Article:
What is digital currency and virtual currency?

The buzz around Bitcoins has brought some new terms and concepts into the public eye. One of these is the concept of the digital currency and virtual currency. Both are two separate concepts that overlap to a large degree and therefore the terms are used interchangeably. However, it is important to understand what each is and where they differ in order to ensure that you know your internet money terminology.

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Paper and Electronic Money

The money in your wallet is referred to as paper money, banknotes or simply as cash. The money available in your bank account and credit cards is electronic money. Paper money (banknotes and coins) can be converted into electronic money when you deposit it into your bank account. Electronic money can be converted into paper money when you withdraw it at an ATM.

The bottom line is that money is just an easy way to trade, but in the banknote sense it is nothing more than paper. The difference from normal paper is that bank notes are a tender or promissory backed by a country’s Reserve bank. In some economics where the currency is pegged against a precious metal like gold, a certain denomination banknote is a promissory for a specified amount of gold held by the Reserve bank.

If the US dollar was still based on gold, then a $10 bank note means that you have $10 worth of gold which is held by the Reserve Bank on your behald.

Real Money vs Digital Money

A digital currency is not the same as paper money or electronic money. It is therefore said to be an alternative currency. It exists in cyberspace and is used to trade online but it can buy real goods and services. Some digital currencies are pegged against real currencies or even precious metals and other commodities.

However, the value of many digital currencies is also largely dependent on the online demand for it – as with any currency or commodity. If there was an unlimited supply of the currency, it would be essentially worthless just as if there was no demand for it. The basic principle of supply and demand.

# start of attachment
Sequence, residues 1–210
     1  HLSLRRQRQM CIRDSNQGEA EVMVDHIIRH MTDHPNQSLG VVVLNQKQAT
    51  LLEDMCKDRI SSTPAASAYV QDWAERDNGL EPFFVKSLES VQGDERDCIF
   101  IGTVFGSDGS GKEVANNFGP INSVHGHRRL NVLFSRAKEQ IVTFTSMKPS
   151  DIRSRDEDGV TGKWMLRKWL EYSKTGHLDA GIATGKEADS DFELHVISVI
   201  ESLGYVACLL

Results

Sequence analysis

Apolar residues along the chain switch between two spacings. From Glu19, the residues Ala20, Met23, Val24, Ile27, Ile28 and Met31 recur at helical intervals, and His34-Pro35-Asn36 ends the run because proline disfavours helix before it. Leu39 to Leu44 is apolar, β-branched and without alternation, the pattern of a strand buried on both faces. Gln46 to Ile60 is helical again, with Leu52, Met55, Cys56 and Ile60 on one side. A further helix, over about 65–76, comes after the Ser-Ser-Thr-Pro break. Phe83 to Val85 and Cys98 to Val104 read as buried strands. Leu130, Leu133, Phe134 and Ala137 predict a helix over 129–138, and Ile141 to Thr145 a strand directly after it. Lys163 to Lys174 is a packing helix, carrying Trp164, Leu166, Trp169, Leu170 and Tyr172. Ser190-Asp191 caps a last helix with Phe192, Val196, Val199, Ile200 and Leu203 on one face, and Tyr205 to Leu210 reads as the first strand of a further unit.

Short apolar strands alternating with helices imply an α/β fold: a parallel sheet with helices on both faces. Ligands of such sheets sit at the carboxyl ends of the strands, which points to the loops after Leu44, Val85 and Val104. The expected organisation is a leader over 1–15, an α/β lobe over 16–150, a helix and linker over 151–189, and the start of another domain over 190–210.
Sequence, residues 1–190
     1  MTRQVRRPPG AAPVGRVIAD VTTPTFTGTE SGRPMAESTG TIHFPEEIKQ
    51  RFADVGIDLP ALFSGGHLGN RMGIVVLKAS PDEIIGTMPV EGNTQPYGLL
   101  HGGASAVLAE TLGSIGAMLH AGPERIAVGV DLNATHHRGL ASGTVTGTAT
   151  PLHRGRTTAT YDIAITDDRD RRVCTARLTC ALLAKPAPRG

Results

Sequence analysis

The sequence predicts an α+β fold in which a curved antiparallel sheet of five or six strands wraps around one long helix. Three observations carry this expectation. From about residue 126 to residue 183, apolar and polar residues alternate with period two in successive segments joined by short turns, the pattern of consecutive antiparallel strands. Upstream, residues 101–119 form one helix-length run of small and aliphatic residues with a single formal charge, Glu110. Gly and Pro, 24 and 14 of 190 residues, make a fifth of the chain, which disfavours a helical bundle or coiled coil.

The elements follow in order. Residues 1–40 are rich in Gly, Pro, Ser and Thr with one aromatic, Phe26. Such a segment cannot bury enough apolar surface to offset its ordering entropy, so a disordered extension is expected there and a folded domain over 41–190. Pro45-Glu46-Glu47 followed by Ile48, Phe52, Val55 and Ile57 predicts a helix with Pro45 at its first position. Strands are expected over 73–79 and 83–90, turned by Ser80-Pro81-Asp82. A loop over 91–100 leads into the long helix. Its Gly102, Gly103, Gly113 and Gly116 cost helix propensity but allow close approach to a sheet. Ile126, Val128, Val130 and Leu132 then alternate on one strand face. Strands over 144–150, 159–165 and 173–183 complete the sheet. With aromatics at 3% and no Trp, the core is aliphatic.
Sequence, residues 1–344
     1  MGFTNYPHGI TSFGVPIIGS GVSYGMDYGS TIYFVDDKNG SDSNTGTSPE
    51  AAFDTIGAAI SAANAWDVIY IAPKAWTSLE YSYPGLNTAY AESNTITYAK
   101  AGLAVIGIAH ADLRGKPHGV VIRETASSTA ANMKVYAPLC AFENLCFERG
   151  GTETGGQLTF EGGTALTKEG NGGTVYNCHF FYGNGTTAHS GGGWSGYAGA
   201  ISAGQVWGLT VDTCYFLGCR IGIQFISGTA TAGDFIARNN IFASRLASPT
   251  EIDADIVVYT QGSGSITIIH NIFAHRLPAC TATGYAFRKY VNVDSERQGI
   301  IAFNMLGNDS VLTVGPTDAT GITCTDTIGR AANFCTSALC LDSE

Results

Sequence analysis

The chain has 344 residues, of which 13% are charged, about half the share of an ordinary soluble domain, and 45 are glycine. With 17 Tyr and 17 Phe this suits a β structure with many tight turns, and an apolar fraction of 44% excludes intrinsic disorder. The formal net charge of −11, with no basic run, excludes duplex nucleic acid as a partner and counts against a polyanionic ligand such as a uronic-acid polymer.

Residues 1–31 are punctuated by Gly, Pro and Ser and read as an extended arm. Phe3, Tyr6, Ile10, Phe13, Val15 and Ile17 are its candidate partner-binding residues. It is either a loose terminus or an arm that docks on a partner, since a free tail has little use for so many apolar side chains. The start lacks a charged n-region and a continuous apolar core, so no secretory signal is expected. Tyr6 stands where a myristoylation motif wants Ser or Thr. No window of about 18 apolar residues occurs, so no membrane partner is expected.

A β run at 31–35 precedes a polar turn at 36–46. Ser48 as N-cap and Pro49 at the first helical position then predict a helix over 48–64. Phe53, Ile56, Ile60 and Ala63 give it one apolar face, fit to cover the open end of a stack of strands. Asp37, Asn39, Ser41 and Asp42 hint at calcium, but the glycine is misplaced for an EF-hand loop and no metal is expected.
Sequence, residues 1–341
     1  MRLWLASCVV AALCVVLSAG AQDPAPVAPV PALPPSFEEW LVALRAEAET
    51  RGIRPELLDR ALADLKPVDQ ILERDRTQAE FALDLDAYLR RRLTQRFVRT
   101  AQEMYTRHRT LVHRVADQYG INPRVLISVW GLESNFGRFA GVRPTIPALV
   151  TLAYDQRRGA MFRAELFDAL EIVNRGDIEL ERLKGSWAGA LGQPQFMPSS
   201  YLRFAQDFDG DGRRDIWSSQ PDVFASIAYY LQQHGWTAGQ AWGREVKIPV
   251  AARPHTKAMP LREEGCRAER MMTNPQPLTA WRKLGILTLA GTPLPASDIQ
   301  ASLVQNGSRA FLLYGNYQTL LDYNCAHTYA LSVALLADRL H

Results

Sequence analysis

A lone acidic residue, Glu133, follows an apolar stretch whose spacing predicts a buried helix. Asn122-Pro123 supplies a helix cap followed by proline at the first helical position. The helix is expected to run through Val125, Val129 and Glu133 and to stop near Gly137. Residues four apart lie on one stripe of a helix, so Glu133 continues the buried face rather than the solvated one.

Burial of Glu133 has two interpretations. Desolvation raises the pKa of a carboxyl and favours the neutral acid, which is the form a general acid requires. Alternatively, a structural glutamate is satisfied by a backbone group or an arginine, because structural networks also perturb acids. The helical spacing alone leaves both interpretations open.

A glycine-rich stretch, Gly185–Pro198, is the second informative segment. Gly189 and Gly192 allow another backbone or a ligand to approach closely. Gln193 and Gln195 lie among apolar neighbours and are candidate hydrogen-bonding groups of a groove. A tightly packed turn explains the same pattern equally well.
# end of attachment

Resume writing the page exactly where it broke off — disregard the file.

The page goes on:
What makes a digital currency different from a real currency is that it is not subject to the same regulation by a central authority and its value doe not fluctuate as drastically according to the political, social and economic forces. It is also not open to manipulation by authorities and traders – at least not in the ideal setting.

However, this is not an entirely accurate. A digital currency is only worth what it can be converted into or purchase. For example, it would be great to own 10 million Bitcoins but if all it ever did was to buy and sell digital services and products and could never be converted into cold hard cash at some point then it is essentially be useless apart from a small group of IT fundis.

Cryptocurrency and Virtual Currency

So the moment a digital currency becomes real goods, services or money, it is also affected to some degree by the state of national and international markets. A cryptocurrency, which is what Bitcoin is, is a digital currency that utilizes cryptography to produce and manage the system. It prevents counterfeit currency from entering the system in much the same way as paper money could be forged.

A virtual currency is a separate concept. It is a type of currency that is used in the virtual world for virtual goods. It usually cannot be translated into real world goods or services and cannot be converted into real currency. However, if there is a big demand for a limited supply of virtual currency then the economic forces would give real currency value to a virtual currency.

Although some of these currency-related concepts have been oversimplified in this article, it essentially gives you an idea of the differences between real currency and digital currency. It also explains where the term cryptocurrency and the concept of a virtual currency fit in. With Bitcoins shaking up the digital currency system these day, you can rest assured of using the right jargon in the correct context.

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